Use the Status Bar to Describe How To Enable Menu Commands and Toolbar Buttons

Environment: VC6, W98, NT4

One of the most frustrating scenarios I have as a user is trying to determine how to enable a disabled menu item. You find the command you want to use, but it is grayed out with no indication on what you need to do to enable it.

So now as a developer, I put the following code in all of my applications. It uses the text pane of the status bar (where the "Ready" text appears) to indicate how to enable disabled menu items when the user moves the cursor over them. It reuses the ON_UPDATE_COMMAND_UI handlers that you've already written to enable/disable menu items. The only additional step after including these code segments is to add a "\nEnable Text" to the end of each menu item that indicates how to enable the menu item. For example,

Step 1: Add method declarations to the frame window's header file

In your CFrameWnd-derived class (e.g. CMainFrame), add the following declaration to the header file as a protected method:

// This method overrides the CFrameWnd's handler for the set 
// message pane for the status bar.  This code was taken from 
// CFrameWnd's method and modified.  Code was added to 
// determine if the control is enabled or not and if disabled
// then indicate how to enable the control or menu item.
LRESULT OnSetMessageString(WPARAM wParam, LPARAM lParam);

Step 2: Include an MFC header file

Add the following include file to the CFrameWnd-derived implementation file (e.g. MainFrm.cpp):

#include   // for WM_SETMESSAGESTRING and AfxLoadString

Step 3: Add the OnSetMessageString message map

In the CFrameWnd-derived implementation file (e.g. MainFrm.cpp), add the following code outside of the AFX_MSG_MAP brackets in the message map section (i.e. between BEGIN_MESSAGE_MAP and END_MESSAGE_MAP):

// Override the setting of the text in the message pane 
// of the status bar

Step 4: Add the implementation of OnSetMessageString and a helper function

The following code uses the ON_UPDATE_COMMAND_UI handlers already written elsewhere in the code to determine whether the menu item is enabled or disabled. It gets the "how to enable" text from the string table for the associated menu item. You will need to add a third text string for each menu item as detailed in the next step.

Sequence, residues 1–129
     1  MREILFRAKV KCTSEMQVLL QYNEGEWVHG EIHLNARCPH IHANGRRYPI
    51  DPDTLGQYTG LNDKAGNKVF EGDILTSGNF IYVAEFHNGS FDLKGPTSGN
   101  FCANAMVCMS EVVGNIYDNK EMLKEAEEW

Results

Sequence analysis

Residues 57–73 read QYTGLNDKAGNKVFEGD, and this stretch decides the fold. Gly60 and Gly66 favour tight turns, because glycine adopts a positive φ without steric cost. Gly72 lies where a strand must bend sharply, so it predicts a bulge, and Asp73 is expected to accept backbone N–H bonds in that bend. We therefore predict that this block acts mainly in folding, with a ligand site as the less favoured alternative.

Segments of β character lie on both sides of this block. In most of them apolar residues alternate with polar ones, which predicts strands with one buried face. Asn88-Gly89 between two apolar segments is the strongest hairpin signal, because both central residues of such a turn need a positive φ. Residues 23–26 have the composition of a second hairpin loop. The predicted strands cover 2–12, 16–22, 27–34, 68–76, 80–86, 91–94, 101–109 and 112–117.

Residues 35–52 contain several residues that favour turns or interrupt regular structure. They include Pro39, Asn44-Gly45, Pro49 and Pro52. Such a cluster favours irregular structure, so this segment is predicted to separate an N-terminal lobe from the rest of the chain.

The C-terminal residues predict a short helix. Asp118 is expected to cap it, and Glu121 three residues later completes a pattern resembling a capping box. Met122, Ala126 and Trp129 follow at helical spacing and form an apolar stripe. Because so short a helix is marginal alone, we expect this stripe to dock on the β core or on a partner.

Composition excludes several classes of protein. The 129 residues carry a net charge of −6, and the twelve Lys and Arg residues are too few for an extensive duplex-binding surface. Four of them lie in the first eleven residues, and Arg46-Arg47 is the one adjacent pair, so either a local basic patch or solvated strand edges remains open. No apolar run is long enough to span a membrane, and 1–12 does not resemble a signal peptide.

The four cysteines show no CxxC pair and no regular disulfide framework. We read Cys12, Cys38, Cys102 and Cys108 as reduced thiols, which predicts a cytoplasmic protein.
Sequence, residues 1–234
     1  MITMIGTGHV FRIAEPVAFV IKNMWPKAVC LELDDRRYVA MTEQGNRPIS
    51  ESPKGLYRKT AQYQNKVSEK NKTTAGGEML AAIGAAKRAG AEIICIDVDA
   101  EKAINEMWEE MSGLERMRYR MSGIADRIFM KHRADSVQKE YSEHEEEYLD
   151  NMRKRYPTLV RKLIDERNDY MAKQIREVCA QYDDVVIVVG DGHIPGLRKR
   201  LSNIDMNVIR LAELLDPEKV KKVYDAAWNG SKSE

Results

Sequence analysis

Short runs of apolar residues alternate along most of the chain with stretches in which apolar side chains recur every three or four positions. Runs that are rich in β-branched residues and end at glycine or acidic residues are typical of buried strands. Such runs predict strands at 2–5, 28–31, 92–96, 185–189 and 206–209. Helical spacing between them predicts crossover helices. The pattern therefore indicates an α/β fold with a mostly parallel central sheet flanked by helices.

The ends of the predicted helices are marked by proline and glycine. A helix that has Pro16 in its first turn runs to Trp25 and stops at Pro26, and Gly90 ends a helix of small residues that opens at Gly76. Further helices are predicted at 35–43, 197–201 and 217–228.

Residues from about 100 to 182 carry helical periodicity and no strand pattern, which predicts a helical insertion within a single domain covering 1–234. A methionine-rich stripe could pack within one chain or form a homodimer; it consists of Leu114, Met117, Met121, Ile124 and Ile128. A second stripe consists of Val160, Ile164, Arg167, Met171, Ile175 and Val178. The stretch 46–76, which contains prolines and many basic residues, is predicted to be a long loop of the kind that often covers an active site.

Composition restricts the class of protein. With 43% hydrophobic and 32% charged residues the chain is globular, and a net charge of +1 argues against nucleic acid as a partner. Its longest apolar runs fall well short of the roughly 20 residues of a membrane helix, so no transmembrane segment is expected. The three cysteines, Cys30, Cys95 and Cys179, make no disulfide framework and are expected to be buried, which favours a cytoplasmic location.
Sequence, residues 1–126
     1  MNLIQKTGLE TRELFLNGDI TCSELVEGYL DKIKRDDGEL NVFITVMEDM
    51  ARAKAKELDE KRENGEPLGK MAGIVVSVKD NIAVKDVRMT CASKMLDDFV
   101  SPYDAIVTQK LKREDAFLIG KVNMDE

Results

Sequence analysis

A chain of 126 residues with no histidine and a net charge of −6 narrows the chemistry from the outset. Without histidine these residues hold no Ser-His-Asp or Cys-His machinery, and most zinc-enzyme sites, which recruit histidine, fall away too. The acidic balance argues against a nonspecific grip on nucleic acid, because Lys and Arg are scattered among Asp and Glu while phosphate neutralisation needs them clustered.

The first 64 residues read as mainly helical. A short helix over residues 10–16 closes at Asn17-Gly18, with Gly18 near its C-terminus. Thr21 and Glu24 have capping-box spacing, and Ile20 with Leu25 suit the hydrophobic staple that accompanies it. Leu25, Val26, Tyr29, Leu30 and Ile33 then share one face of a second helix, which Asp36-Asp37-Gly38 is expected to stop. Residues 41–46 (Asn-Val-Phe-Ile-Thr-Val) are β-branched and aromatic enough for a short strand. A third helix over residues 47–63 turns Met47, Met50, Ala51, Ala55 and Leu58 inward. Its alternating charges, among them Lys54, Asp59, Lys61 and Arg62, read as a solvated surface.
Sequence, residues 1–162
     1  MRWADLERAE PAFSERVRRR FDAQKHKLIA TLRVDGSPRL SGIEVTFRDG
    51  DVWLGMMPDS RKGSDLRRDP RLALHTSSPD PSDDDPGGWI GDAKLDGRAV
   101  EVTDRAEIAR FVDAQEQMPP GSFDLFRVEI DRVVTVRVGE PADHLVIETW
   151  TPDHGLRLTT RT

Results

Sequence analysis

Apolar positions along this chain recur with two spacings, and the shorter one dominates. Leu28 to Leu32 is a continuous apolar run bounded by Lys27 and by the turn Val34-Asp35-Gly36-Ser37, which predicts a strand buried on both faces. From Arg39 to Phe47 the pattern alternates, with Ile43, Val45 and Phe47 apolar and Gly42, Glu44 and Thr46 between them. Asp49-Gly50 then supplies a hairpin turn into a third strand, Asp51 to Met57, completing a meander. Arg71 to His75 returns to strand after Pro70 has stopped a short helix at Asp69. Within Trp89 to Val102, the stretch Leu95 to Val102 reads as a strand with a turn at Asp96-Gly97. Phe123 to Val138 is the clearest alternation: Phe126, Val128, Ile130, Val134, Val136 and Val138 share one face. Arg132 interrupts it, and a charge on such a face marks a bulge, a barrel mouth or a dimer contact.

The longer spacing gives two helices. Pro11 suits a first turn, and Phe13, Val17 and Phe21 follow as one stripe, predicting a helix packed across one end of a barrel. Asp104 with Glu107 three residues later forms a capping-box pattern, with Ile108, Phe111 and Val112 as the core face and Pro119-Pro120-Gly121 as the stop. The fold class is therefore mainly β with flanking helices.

// Returns the offset of the given menu item's ID or -1 
// if not found
int GetMenuPosition( CMenu* in_menu, DWORD in_menuItemID )
   if ( NULL == in_menu )
      return -1;

   UINT  max = in_menu->GetMenuItemCount();
   for ( UINT i = 0; i < max; i++ )
      if ( in_menuItemID == in_menu->GetMenuItemID( i ) )
         return i;

   return -1;

// This method overrides the CFrameWnd's handler for the 
// set message pane for the status bar.  This code was 
// taken from CFrameWnd's method and modified. Code was 
// added to determine if the control is enabled or not 
// and if disabled then indicate how to enable the control 
// or menu item.
LRESULT CMainFrame::OnSetMessageString(WPARAM wParam, 
                                       LPARAM lParam)
  UINT nIDLast = m_nIDLastMessage;
  m_nFlags &= ~WF_NOPOPMSG;

  // Determine if the menu item that matches the wParam
  // is enabled.  If not, then indicate how to enable it.
  // Load the main frame's menu.  Note we can't use 
  // GetMenu because the menu may not have been loaded 
  // yet and we need to indicate how to enable the toolbar
  // buttons as well.
  CMenu mainMenu;
  if ( 0 != wParam && mainMenu.LoadMenu( IDR_MAINFRAME ) )
    // Go through each submenu of the main frame looking 
    // for the ID passed in.